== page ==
The positive is that the book is a very helpful survey/introduction to historical theology, and is a nice launching pad to start interacting with other historical/theological works. This book is like historical theology cliff notes and can be referred to when other works on historical theology/theology written by primary proponents in the past do not make sense.
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6 of 8 people found the following review helpful By Gary H. Graff on March 1, 2008
Format: Hardcover Verified Purchase
Why is it that whoever placed this book on Amazon does not think that a detailed description is necessary? They may not, but I do, so here goes. This book covers the development of some of the doctrines of the ancient church and almost none of the present day doctrinal questions. The periods it covers is: Apostolic Fathers (as Jewish and Gnostic perversions); Reformed; Apologists; Anti-Gnostic Fathers; Alexandrian Fathers; Monarchianism. It also covers the doctrine of the Trinity, of Christ, of sin and grace, the atonement, divine grace, the church and the sacraments. It does cover "The doctrine of the last things" but only in a very limited way: the intermediate state; the second advent and the Millennial hope; the resurrection; the last judgment and final awards. It does not cover such things as the question of the post or pre-tribulation rapture or other similar or modern concerns. All that it does cover, it covers briefly, a few pages per question, and does not go into deeper (or boring) detail. This book is supposed to be a companion to the writer's Systemic Theology and is supposed to give the historical background for the subjects covered in that book. I suppose that when viewed for that purpose, it is a good book. Just don't expect too much from it. It is about 7/8 thick (hardback book). It does not compare with the wide volumes I have found at the seminary libraries. That's where you need to go if you want detail.
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1 of 1 people found the following review helpful By Gaboora on March 28, 2015
Format: Hardcover
A whole section of this history is devoted to the History of the History of Dogma. This is a generous way of introducing the reader to the subject matter that the author is about to take up, especially since one could be led by this charitable gesture to bail out, and jump into, instead, one of the many attractive histories advertised there. But Berkhof’s contribution is a perfect place to start: something to lead into rather than exchange, or something to keep as an introduction to a more thorough handling of the same. Though prior acquaintance with theological terms, if not a theological dictionary, may be necessary, this light production is an easy entry point into the history of doctrines. It can be no simple task to maintain historical flow in a subject about which so many lines of thought must be brought from start to finish each in turn. Because Berkhof manages to invest a sense of continuity against formidable odds, the reader not so used to studying networks of dogma is less apt to get bogged down. But probably because there are few anecdotes, the content is dry enough. It took me two tries before I could stick with it.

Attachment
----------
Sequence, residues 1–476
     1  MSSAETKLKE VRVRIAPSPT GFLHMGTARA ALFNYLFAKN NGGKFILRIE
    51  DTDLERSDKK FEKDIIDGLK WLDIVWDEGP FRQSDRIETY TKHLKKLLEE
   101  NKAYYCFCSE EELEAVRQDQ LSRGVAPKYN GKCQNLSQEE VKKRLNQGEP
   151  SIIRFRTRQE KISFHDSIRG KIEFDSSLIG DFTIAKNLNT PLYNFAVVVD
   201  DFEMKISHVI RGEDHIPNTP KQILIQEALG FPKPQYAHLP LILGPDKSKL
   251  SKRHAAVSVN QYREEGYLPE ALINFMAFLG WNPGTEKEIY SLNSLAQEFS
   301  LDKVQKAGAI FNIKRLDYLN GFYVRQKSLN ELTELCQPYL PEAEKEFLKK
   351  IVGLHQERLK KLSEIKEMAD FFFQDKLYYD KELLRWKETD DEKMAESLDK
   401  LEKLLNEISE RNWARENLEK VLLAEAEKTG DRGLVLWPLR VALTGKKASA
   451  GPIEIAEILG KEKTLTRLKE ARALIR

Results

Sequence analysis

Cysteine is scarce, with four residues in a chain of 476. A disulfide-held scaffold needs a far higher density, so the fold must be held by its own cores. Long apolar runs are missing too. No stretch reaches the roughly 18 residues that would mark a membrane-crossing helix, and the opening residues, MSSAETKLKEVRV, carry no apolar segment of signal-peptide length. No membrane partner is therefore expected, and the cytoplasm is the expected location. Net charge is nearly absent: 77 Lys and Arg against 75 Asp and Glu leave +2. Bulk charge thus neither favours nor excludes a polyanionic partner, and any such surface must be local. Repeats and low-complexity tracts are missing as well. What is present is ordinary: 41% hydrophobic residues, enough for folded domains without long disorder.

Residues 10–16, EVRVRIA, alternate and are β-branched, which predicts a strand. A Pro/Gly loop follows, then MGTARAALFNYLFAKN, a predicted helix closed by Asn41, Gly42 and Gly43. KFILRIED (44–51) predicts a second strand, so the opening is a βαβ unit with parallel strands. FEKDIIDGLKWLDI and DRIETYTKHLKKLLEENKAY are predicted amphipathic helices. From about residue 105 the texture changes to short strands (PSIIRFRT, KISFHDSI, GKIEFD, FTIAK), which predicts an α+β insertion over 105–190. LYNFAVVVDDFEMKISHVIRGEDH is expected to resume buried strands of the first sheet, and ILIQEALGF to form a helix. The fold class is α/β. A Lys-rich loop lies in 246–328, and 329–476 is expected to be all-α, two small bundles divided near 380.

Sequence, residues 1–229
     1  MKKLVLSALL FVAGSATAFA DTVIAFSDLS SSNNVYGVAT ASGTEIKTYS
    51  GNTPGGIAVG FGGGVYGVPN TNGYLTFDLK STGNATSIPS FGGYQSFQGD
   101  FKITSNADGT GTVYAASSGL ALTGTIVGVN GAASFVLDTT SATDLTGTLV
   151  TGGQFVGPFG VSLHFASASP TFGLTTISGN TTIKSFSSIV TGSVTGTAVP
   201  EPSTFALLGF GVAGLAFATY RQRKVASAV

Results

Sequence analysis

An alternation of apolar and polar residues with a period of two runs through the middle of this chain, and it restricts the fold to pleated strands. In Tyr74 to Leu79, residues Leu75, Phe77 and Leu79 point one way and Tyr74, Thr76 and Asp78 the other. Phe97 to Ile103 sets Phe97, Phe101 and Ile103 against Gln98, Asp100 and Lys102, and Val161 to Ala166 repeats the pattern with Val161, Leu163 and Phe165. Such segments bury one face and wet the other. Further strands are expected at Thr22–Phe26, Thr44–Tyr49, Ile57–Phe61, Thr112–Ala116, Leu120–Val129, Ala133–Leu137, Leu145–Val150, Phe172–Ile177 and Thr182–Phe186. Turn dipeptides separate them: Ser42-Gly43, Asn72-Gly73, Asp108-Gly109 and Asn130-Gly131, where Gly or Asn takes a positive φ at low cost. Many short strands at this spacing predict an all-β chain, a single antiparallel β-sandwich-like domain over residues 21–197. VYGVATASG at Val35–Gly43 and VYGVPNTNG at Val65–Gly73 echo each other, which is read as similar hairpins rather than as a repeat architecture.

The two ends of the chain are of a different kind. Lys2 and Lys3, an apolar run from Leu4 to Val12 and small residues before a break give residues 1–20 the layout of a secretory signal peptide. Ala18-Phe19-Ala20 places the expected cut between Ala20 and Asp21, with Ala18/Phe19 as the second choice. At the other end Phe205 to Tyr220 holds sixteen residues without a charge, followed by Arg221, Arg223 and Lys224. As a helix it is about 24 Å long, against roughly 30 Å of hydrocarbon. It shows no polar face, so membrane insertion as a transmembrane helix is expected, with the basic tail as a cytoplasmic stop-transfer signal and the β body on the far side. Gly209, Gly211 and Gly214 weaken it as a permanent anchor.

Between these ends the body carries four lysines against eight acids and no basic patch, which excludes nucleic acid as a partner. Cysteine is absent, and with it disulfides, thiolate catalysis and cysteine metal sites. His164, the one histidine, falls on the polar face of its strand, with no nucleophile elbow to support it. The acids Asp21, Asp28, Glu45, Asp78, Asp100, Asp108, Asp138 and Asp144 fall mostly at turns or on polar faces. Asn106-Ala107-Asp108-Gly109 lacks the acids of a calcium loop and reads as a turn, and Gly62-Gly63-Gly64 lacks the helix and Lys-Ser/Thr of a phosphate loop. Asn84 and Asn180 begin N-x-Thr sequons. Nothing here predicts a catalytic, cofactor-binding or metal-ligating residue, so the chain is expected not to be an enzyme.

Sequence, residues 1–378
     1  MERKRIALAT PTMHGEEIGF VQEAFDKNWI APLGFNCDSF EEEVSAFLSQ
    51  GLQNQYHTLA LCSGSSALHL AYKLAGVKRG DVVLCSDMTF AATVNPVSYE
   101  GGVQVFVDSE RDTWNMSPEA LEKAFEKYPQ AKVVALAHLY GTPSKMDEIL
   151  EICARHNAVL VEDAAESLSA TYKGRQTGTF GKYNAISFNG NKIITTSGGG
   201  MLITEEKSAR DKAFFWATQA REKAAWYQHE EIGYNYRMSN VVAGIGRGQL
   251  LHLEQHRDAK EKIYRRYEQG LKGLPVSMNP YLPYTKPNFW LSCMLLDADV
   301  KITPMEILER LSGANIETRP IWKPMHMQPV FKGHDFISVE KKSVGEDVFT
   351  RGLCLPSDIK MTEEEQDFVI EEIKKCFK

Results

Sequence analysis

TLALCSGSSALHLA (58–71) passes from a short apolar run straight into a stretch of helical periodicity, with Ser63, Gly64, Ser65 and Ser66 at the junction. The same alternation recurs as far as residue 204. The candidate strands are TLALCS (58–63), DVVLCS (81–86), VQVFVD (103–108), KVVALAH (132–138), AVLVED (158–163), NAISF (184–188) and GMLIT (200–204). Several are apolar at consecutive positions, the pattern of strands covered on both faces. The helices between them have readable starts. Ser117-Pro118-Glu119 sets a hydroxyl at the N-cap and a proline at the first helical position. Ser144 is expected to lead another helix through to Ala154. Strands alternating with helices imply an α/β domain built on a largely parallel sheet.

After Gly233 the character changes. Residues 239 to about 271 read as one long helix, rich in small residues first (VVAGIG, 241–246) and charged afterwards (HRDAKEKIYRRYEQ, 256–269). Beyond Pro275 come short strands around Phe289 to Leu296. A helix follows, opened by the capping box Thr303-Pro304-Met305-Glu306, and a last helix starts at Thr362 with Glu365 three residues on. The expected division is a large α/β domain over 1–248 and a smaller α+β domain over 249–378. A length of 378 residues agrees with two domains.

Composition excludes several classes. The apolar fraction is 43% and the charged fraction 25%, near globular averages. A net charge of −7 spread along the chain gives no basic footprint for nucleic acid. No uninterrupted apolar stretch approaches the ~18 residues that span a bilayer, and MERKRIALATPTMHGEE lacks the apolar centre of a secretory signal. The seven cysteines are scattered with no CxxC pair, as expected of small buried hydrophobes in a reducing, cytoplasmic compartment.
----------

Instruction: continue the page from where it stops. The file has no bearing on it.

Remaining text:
The approach is declared to be subjective; that is, not so detached and merely objective as to be without judgment through the prism of the writer’s particular creed (p.28.) In spite of this declaration, this history feels quite disinterested. What Berkhof believes to be the correct position on a doctrine is usually presented in a subtle way. For instance, he might show one position over another by emphasizing how one of them falls short (p. 173.